The River Region Chamber of Commerce is sponsoring students across the region in helping guide them through the creation of their own small businesses.
One Destrehan girl, 11-year-old Hope Tobin, has taken advantage of the program to start her own hair bow business. Her success illustrates the many different faces of the program.
The Young Entrepreneurs Academy (YEA!) began at the University of Rochester in 2004 and since 2008 has spread to many sites throughout the country including the River Region.
St. Charles Parish Chief Administrative Officer Buddy Boe was chosen to head up the local program.
"I am looking forward to helping these future business owners turn their idea into a reality," Boe said. "The program is filled with exciting experiences and we are hoping the entire River Region will support our young entrepreneurs."
To take part in the selective program students first had to submit applications including an entrance essay, school transcripts, letters of recommendation from academic mentors and attend a personal interview with a student selection committee.
Upon selection, students were required to pay tuition of $195, which includes books and supplies.
Participating students meet for three hours every Thursday to develop a business plan and engage with business leaders who serve as their one-on-one mentors. Guest speakers such as attorney Tim Marcel, who gave a presentation on legal business structures, and Bryan Castillo of Riverlands Insurance, who talked to the students about the importance of business insurance, visit the class periodically.
The students have also taken field trips to local businesses. Included in their trips so far in the 2012-13 term have been a tour a of a Subway sandwich shop in LaPlace owned by Chamber board member Raj Pannu, who owns multiple local Subway franchises.
"Subway does a great job at assisting its franchisees by marketing us as a healthy alternative to tradition fast food," Pannu said. "I hope the students learned about operating a food business and the possibilities of franchising. They all were eager to learn more about our processes and had great questions."
In addition, students visited the PJís Coffee roasting facility in New Orleans to hear about the successful franchise that started off as a small idea, much like their own, and grew into something a lot bigger.
"It was very important for them to hear about Phyllis, the founder of PJs, starting on a cart in the French Market because it showed the students that every big business started off small, but with a lot of work and business skill, you can grow into a famous brand," Boe said.
Tobin, a sixth grader who attends St. Charles Borromeo, is the lone participant from St. Charles Parish in the first YEA! class.
Hope learned about the program when Boe gave a presentation at St. Charles Borromeo.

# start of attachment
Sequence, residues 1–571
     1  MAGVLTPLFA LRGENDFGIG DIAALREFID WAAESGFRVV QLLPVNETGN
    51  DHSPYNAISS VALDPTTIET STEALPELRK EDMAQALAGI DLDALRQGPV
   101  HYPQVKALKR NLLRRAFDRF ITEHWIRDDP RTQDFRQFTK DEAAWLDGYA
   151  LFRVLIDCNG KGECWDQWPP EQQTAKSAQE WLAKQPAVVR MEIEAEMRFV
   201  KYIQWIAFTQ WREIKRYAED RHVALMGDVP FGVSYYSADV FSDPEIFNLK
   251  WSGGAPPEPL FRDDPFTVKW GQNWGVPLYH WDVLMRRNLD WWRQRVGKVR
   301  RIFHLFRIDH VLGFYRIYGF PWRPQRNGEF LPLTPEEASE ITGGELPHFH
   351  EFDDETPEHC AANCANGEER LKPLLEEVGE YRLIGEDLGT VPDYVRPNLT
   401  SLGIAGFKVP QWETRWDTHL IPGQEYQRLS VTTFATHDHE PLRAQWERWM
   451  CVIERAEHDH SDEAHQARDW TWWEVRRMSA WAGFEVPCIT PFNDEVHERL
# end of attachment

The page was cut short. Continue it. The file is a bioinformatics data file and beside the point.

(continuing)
Stephanie Tobin, Hopeís mother, said she was surprised when her daughter came home from school and said she wanted to take part in the program.
"We didnít push her, she decided to pursue this on her own," she said.
The program has been a welcome introduction to the business world for Hope, who will now follow in the footsteps of her father Brian Tobin, who owns Anthonyís Ace Hardware on Ormond Blvd. in Destrehan.
"My husband owns owns a hardware store out here and he was impressed that they were actually going to do all this stuff," Stephanie said. "The knowledge she gains will be invaluable to her regardless of whether or not she carried through with the LLC or later on down the road whatever she chose to do. Whatever she gets out of this will be great. He wished he would have had something like that when he was coming up."
Hope said she has enjoyed the being part of the program.
"Weíve been learning about all types of insurance and weíve been learning how to set up the business plan and create Powerpoints and speech cards and how to run it," she said.
In additon to writing her business plan for Hopeís Bowtique, Hope has already set up shop in the back of her fatherís store where she will create and sell customizable clip-on hair bows. In addition to the location within her fatherís store, she plans to branch out to other retail locations as well as start a website through which she can sell her product.
Hope said part of setting up the business structure included going through a cost-benefit analysis of the business plan.
"We had to include how much we would sell them for and how much all the supplies are and where we are going to work from," she said.
The next step for Hope and the other YEA! class members is giving a presentation to an investorís panel who will decide how a $5,000 investment fund will be split up amongst the class members.
Hope is optimistic that she will receive the funding to jumpstart her business, but overall she said just learning the ins and outs of taking a small business from and idea to fruition has been a great experience.
"It has been really helpful and useful," Hope said.
If you are interested in enrolling your child in next class of the YEA! program, applications are available at www.riverregionchamber.org/YEA.html or by calling the River Region Chamber at (985)359-9777.
|St. Charles Borromeo sixth grader Hope Tobin shows off some of the clip-on hair bows she has made through her small business, Hopeís Bowtique, that was created with the help of the Young Entrepreneurs Academy.|